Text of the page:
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Most of the digital electronics that you build will use DC. However, it is important to understand some AC concepts. Most homes are wired for AC, so if you plan to connect your Tardifs music box project to an outlet, you will need to convert AC to DC. AC also has some useful properties, such as being able to convert voltage levels with a single component (a transformer), which is why AC was chosen as the primary means to transmit electricity over long distances.

What You Will Learn

  • The history behind AC and DC
  • Different ways to generate AC and DC
  • Some examples of AC and DC applications

Alternating Current (AC)

Alternating current describes the flow of charge that changes direction periodically. As a result, the voltage level also reverses along with the current. AC is used to deliver power to houses, office buildings, etc.

AC can be produced using a device called an alternator. This device is a  special type of electrical generator designed to produce alternating current.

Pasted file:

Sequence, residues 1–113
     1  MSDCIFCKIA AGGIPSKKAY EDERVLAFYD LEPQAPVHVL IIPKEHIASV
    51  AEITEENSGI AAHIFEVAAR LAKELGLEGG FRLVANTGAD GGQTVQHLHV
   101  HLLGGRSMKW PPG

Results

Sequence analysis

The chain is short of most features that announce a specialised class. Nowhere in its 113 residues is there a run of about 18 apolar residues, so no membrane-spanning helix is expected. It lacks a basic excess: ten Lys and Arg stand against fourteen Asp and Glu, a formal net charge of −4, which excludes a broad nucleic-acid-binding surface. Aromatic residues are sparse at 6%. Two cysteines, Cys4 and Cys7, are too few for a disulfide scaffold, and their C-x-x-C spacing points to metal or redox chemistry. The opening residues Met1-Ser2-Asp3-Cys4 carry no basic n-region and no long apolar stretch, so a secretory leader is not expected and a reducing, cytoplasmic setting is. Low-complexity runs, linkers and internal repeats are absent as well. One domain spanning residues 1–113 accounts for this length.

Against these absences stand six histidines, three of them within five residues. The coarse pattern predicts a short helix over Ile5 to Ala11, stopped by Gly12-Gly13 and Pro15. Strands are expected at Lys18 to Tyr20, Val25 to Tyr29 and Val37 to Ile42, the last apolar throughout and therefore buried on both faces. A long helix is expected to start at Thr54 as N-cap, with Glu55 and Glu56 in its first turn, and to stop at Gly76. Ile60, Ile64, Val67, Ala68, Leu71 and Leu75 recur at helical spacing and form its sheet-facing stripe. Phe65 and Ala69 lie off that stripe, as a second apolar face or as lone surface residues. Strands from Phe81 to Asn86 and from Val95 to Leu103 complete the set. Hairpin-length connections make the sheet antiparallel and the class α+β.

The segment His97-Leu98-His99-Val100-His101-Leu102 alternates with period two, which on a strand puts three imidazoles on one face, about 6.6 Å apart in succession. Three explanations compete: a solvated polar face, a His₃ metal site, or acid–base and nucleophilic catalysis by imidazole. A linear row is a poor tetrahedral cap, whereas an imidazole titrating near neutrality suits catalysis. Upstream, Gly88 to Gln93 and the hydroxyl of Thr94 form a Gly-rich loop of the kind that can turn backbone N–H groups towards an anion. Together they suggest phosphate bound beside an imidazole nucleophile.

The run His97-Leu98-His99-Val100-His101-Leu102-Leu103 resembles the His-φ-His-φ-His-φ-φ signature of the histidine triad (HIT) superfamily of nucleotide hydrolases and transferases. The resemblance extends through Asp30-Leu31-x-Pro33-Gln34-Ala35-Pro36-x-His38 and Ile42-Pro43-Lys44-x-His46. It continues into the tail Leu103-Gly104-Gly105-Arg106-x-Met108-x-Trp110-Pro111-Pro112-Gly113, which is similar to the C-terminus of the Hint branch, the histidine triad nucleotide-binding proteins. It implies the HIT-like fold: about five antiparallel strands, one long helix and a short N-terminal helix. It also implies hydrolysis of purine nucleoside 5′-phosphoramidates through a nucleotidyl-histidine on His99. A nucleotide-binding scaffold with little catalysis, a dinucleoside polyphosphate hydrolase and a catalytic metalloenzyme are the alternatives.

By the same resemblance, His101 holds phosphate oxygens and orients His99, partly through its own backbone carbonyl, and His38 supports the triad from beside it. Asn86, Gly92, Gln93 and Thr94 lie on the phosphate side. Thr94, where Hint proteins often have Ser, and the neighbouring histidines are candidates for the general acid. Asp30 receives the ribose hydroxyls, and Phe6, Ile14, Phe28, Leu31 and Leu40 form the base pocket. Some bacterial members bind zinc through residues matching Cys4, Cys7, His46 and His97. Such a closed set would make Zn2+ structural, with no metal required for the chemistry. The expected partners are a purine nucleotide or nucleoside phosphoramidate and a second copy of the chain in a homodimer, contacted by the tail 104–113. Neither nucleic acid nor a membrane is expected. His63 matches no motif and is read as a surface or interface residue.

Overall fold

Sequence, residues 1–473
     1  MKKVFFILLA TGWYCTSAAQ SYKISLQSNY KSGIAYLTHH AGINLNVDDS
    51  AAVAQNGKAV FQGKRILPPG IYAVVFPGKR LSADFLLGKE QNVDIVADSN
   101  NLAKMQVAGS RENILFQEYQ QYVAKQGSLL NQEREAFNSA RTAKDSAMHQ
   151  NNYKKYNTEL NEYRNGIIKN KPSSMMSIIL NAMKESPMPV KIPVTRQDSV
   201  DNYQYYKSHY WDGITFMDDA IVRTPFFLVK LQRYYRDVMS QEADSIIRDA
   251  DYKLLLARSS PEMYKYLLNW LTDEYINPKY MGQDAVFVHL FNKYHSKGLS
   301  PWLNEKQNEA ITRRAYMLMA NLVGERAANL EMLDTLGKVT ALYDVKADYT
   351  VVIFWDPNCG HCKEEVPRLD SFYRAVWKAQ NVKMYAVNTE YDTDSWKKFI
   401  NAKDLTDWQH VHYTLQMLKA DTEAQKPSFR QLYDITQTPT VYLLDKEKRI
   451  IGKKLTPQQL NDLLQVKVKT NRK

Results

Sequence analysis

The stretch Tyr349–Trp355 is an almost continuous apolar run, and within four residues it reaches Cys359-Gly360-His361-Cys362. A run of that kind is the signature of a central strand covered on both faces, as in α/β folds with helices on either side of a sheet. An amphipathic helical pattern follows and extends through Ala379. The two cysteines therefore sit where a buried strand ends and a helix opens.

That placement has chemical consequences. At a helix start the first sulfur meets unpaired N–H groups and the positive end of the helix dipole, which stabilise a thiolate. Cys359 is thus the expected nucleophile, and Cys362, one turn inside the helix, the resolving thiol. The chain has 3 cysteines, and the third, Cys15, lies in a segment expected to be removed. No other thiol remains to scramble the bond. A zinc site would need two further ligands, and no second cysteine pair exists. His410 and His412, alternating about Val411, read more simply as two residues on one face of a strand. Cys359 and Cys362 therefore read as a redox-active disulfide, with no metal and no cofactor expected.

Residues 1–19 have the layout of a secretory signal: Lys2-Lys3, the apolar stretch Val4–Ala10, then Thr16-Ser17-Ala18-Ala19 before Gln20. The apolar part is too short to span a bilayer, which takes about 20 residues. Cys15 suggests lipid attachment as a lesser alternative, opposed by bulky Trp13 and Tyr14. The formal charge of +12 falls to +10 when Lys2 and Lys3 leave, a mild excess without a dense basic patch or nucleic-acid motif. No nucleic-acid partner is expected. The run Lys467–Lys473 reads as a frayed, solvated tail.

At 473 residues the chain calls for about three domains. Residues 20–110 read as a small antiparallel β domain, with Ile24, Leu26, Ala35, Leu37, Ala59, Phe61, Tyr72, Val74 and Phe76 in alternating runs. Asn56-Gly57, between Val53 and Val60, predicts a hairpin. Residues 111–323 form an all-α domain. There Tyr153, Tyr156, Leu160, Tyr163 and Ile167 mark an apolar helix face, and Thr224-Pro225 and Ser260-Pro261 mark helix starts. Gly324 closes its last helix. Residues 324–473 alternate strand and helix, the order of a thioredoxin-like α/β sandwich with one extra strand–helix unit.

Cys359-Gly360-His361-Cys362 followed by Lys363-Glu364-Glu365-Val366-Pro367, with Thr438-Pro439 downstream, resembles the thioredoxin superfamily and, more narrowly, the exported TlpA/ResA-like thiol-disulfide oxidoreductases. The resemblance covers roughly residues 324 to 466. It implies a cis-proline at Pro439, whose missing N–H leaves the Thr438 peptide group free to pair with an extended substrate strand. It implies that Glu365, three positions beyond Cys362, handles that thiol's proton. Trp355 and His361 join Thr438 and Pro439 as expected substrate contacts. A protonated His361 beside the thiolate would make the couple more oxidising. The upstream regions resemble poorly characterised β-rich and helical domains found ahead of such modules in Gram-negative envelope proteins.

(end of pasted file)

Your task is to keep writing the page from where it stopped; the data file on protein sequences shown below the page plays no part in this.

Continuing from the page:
A loop of wire is spun inside of a magnetic field, which induces a current along the wire. The rotation of the wire can come from any number of means: a windturbine, a steam turbine, flowing water, and so on. Because the wire spins andenters a different magnetic polarity periodically, the voltage and currentalternates on the wire. Here is a short animation showing this principle:

To generate AC in a set of water pipes, we connect a mechanical crank to a piston that moves water in the pipes back and forth (our “alternating”current). Notice that the pinched section of pipe still provides resistance to the flow of water regardless of the direction of flow.

Direct Current (DC)

Direct current is a bit easier to understand than alternating current. Rather than oscillating back and forth, DC provides a constant voltage or current.

DC can be generated in a number of ways:

An AC generator equipped with a device called a “commutator” can produce direct current

Use of a device called a “rectifier” that converts AC to DC

Batteries provide DC, which is generated from a chemical reaction inside of the battery

Using our water analogy again, DC is similar to a tank of water with a hose at the end

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